Forget That Fee If You Sent Contact Info

Editor’s note: Jeff Allen has heard every employer excuse that you can imagine for not paying up — and dozens more that defy imagination. A few years ago he began documenting them in a weekly collections column. Because of the importance of collections, Fordyce will periodically reprise the most common situations he addressed. The complete collection is here.

What Client Says:

There was prior contact with the candidate.

How Client Pays:

“Exclusive” contingency-fee job orders don’t exist. But even assuming you think you’ve got one, it doesn’t exclude direct contact with the candidate. So you’re truly trusting when you:

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  1.  Send an “open” resume with candidate contact information.
  2.  Tell (don’t write) a client candidate contact information.
  3.  Tell (don’t write) a candidate client contact information.

Contact information. Your stock in trade. Once you’ve given it away, you’re out. Just how far out depends on things like integrity, fairness and honesty.

Those things are in short supply in a feefight.

So avoid the three “don’ts” and you’ll do what you do. The deed will be done. The dues will be due.

More than thirty-five years ago, Jeffrey G. Allen, J.D., C.P.C. turned a decade of recruiting and human resources management into the legal specialty of placement law. Since 1975, Jeff has collected more placement fees, litigated more trade secrets cases, and assisted more placement practitioners than anyone else. From individuals to multinational corporations in every phase of staffing, his name is synonymous with competent legal representation. Jeff holds four certifications in placement and is the author of 24 popular books in the career field, including bestsellers How to Turn an Interview into a Job, The Complete Q&A Job Interview Book and the revolutionary Instant Interviews. As the world?s leading placement lawyer, Jeff?s experience includes: Thirty-five years of law practice specializing in representation of staffing businesses and practitioners; Author of ?The Allen Law?--the only placement information trade secrets law in the United States; Expert witness on employment and placement matters; Recruiter and staffing service office manager; Human resources manager for major employers; Certified Personnel Consultant, Certified Placement Counselor, Certified Employment Specialist and Certified Search Specialist designations; Cofounder of the national Certified Search Specialist program; Special Advisor to the American Employment Association; General Counsel to the California Association of Personnel Consultants (honorary lifetime membership conferred); Founder and Director of the National Placement Law Center; Recipient of the Staffing Industry Lifetime Achievement Award; Advisor to national, regional and state trade associations on legal, ethics and legislative matters; Author of The Placement Strategy Handbook, Placement Management, The National Placement Law Center Fee Collection Guide and The Best of Jeff Allen, published by Search Research Institute exclusively for the staffing industry; and Producer of the EMPLAW Audio Series on employment law matters. Email him at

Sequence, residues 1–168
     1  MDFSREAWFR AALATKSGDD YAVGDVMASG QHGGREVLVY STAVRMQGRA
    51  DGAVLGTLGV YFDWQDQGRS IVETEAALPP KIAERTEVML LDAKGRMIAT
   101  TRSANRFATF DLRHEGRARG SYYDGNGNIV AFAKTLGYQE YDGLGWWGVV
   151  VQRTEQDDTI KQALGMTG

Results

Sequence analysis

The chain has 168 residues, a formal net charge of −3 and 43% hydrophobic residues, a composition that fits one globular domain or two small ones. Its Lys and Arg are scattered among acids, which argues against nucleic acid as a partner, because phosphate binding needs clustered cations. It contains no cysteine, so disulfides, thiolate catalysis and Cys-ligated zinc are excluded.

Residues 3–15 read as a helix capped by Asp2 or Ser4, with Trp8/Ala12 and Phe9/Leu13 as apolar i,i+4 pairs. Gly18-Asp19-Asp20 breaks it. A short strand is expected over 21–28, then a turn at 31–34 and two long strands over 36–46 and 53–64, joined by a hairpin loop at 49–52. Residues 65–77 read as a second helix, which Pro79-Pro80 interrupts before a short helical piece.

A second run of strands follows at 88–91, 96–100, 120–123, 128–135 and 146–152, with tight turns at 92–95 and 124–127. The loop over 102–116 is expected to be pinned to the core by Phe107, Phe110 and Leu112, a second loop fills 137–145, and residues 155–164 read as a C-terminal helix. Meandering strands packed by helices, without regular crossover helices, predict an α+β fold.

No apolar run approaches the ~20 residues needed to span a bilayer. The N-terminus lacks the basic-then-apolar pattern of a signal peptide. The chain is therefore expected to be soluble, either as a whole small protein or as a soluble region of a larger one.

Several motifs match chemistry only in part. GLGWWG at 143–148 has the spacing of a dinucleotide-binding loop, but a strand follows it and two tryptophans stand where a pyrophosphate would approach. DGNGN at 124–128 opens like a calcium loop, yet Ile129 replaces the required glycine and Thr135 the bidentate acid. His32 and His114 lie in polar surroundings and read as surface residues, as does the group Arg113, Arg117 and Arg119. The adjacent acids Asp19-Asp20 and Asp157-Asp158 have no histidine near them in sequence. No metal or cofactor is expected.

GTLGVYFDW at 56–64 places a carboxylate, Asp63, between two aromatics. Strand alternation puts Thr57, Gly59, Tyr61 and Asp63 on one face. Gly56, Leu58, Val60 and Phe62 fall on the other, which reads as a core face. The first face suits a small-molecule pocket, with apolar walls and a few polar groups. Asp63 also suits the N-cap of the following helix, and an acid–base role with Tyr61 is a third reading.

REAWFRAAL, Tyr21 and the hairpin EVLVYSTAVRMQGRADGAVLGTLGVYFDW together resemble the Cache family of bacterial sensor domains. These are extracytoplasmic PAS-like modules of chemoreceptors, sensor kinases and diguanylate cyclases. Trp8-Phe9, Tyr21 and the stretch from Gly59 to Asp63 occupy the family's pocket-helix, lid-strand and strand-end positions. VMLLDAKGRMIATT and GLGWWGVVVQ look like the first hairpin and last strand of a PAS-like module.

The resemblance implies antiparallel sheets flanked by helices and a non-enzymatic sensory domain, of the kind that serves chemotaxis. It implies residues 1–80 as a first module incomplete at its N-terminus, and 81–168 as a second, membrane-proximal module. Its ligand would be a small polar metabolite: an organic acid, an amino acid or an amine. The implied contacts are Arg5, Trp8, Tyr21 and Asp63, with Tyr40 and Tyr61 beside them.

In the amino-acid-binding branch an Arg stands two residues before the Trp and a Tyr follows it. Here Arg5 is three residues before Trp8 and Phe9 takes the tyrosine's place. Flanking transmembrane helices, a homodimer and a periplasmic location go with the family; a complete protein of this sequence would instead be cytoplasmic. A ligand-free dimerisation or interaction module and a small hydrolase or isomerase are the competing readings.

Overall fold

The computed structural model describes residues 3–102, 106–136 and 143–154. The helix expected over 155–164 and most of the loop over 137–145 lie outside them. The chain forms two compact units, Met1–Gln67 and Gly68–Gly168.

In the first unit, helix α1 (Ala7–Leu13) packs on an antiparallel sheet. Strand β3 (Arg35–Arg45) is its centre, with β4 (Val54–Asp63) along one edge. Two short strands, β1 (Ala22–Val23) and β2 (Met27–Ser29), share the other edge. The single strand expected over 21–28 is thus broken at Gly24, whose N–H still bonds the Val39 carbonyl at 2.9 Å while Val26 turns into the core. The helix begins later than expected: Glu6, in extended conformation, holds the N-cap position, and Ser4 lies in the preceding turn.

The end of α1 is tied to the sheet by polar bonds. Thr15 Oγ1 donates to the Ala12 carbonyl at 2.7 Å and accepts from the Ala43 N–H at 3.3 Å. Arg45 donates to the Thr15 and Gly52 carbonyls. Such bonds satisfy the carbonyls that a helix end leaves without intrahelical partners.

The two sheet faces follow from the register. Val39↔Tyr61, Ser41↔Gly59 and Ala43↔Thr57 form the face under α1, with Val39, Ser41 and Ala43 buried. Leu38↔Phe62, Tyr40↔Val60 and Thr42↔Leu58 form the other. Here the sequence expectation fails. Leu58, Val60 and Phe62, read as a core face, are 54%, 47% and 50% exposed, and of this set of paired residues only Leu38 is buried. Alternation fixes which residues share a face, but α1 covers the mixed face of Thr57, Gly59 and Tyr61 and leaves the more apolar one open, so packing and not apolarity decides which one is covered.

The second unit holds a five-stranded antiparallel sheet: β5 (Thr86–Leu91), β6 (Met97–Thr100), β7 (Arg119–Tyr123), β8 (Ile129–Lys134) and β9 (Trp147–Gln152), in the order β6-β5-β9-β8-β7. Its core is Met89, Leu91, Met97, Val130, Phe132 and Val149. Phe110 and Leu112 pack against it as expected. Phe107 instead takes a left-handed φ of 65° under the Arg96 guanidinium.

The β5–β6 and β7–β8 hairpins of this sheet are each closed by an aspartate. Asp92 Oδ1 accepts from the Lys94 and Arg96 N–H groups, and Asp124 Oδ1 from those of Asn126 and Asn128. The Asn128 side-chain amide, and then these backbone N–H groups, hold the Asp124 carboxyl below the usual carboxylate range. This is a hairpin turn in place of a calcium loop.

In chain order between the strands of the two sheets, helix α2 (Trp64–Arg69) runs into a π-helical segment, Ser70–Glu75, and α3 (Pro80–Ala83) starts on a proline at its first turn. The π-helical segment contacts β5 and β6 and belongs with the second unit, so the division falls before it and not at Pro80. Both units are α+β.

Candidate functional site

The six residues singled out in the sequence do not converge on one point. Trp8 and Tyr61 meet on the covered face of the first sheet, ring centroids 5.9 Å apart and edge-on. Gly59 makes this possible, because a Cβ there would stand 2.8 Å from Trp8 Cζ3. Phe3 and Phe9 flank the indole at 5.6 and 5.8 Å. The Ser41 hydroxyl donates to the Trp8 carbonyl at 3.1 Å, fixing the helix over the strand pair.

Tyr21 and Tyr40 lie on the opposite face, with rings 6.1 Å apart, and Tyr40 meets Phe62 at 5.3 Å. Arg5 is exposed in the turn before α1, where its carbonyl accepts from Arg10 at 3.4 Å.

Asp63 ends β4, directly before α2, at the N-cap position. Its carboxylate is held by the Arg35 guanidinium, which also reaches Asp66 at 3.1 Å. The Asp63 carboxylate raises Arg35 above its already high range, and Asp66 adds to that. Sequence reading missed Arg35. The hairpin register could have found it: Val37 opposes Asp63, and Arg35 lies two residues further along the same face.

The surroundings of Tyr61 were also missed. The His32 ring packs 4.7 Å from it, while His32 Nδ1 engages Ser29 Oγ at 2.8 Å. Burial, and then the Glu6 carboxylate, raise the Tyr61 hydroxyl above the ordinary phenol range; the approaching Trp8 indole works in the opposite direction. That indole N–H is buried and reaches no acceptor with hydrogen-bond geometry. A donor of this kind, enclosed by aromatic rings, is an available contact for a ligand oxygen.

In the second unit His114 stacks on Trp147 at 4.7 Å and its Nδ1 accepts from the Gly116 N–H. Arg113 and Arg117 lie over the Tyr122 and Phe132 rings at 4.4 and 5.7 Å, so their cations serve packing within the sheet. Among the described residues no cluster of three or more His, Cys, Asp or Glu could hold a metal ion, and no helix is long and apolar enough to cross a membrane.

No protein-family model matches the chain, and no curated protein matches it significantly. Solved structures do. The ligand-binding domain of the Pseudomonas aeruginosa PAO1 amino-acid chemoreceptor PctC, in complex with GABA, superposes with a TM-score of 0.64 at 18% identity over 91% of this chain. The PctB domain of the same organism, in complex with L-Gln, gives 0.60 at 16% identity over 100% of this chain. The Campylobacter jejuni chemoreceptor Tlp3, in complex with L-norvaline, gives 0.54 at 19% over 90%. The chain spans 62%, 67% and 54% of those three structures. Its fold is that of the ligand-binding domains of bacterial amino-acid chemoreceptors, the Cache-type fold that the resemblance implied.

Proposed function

1 Comment on “Forget That Fee If You Sent Contact Info

  1. In IT consulting recruiters always ask for contact info before submitting the resume of a candidate to the next level. So how can my company protect its interests and make the deal at the same time?

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